Is Obama's America becoming more European?

Both the U.S. and Europe seem far less interested in solving international problems

Barack Obama and Angela Merkel at The White House
(Image credit: (Photo by Chip Somodevilla/Getty Images))

Relations between the United States and Germany have been quite complicated in recent years, veering from the highs of the early Obama administration to the lows of the current accusations that the CIA had recruited German workers to snoop on Angela Merkel's government.

When President Obama first visited Berlin in 2008, he was greeted by hundreds of thousands of Germans who viewed him as an historic figure that would lead the United States away from the missteps of George W. Bush. After years of hostility between Berlin and Washington, the German political establishment viewed Obama as a cosmopolitan politician who would work with Europe instead of ignoring it.

A lot has changed since then; revelations about the NSA targeting Merkel and the CIA espionage plot have sunk German-American relations to historic depths. However, that hasn't stopped a prominent German journalist from suggesting that Obama has more in common with German politicians than many believe.

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In an op-ed in The New York Times, Clemens Wergin, the foreign editor of the newspaper group Die Welt, suggested that Obama's international policies more closely align with those of moralizing yet passive German politicians.

"At the height of the Syria conflict and just after yet another of Barack Obama's speeches, I suddenly understood the problem with this American president and his foreign policy. He sounded just like a German politician: all moral outrage, but little else to help end one of the most devastating civil wars of our age," Wergin wrote. "President Obama, I thought with a sigh, has become European."

The accusation that Obama was European in his political style has been around since the Berlin speech in 2008. It's a familiar charge made by Republicans who want to paint well-educated and globetrotting Democrats as out of touch with middle class Americans.

Obama brushed off the charge in 2008 on his way to a monumental victory. But a close examination of his record shows that Wergin's criticism is often right; on many occasions during many crises, Obama has favored words over actions.

For instance, Obama promised action in Syria if evidence of chemical weapons emerged. When evidence did emerge, he backed off.

Obama also withdrew American troops from Iraq in 2011. He watched from afar as the country descended into chaos. Now, as the Islamic State of Syria and Iraq (ISIS) threatens to split the country, Russian President Vladimir Putin is sending warplanes to Baghdad, while Obama dithers.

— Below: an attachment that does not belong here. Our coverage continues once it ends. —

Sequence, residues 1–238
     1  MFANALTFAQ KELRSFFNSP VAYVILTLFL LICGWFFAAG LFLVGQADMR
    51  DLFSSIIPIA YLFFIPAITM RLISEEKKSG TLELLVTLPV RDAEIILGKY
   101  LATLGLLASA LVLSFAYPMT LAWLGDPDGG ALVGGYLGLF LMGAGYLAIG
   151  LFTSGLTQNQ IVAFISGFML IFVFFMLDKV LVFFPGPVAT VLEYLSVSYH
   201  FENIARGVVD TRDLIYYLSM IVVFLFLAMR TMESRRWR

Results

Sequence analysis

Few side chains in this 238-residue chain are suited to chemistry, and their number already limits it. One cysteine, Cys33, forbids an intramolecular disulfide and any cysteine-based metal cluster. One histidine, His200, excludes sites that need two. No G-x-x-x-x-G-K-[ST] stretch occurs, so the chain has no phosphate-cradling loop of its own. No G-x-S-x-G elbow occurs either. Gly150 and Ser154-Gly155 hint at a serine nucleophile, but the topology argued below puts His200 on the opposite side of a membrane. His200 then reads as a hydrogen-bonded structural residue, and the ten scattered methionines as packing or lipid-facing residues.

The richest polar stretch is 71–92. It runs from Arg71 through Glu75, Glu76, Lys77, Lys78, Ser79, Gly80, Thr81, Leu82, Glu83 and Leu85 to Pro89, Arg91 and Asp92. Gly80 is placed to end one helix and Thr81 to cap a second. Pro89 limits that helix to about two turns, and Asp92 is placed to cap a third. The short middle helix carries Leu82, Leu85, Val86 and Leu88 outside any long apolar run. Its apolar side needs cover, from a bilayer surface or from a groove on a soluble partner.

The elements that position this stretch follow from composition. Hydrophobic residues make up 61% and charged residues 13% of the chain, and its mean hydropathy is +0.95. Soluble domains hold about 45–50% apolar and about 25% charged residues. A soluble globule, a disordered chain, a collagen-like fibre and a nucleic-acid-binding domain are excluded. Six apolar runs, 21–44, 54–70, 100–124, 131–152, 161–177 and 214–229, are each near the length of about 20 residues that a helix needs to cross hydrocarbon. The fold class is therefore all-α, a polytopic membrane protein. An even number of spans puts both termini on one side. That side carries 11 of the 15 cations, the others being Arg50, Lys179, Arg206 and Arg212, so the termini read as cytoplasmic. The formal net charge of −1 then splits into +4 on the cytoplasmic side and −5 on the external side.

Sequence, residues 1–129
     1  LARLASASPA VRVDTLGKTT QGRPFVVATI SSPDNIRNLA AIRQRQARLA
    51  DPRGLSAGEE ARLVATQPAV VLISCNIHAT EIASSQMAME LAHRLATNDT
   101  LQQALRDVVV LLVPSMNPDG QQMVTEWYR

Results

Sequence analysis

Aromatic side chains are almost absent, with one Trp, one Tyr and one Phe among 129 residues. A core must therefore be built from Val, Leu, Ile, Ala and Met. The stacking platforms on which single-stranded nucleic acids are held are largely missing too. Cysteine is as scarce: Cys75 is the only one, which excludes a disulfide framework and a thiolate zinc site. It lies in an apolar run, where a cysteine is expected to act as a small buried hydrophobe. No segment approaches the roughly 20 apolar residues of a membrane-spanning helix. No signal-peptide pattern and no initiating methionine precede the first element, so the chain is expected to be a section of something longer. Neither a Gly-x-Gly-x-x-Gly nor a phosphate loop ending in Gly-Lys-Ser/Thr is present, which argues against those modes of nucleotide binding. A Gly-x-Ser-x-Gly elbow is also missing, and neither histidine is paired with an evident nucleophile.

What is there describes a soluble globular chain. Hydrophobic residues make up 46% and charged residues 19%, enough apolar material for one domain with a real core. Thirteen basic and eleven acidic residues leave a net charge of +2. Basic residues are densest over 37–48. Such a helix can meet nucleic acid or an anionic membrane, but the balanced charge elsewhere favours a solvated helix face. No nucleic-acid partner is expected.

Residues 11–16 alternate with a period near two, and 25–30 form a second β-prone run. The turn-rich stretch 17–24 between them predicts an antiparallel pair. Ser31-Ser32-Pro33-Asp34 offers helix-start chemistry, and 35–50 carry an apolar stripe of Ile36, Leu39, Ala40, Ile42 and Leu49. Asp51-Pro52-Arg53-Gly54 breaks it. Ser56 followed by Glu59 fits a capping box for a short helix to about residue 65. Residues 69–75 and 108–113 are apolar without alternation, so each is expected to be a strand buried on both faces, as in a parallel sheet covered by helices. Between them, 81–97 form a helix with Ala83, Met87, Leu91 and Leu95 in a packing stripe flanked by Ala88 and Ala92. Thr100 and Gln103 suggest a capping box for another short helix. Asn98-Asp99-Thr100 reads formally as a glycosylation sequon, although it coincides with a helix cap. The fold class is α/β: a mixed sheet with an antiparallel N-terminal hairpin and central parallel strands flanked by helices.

There are many other instances of Obama using rhetoric as opposed to action. But there is an argument that the American public is also becoming more European.

Socialized medicine is now begrudgingly accepted in the States. The country is also becoming less religious at a time when church attendance in Europe is down. Americans are also having fewer children, just like Europeans. And Americans and Europeans are also spending less on defense.

Turning inward

Joerg Wolf, editor of the think tank, disagreed with the notion that Obama and Americans are booming more European. Instead, he said that Americans, like Germans, are becoming more selfish and less interested in foreign affairs.

"In a sense, the U.S. and Germany are becoming more similar, but that does not mean they will agree more often," Wolf told The Fiscal Times. "And certainly, neither Germany nor the EU as a whole is going to fill the void left by the U.S."

Wolf said that both Washington and Berlin are becoming far less interested in solving international problems, especially at a time when neither have strong influence over world affairs.

"The Middle East has to fix its own problems. The U.S. and Europe don't have the will, but also lack the capabilities to fix the region," Wolf said.

What fills the void?

What does the absence of strong leadership from the Americans and Europeans means for the rest of the world? For years during the Cold War, the democracies of the United States and Europe stood as a beacon of hope for the rest of the world. Now, they stand passive as the world evolves.

Other nations are more than willing to take their place. China is emerging as the leading economy of the 21st century. Vladimir Putin is threatening to take back territory lost when the Berlin Wall fell. Terrorist organizations are now vying for the future of the Middle East.

The results of America's current isolationism are unknown. But history teaches important lessons. In the 1930s, American withdrew from the global stage to deal with the Great Depression. In its absence, Hitler advanced across Europe, eventually leading to World War II and the deaths of tens of millions across the globe.

This is not change Americans can believe in.

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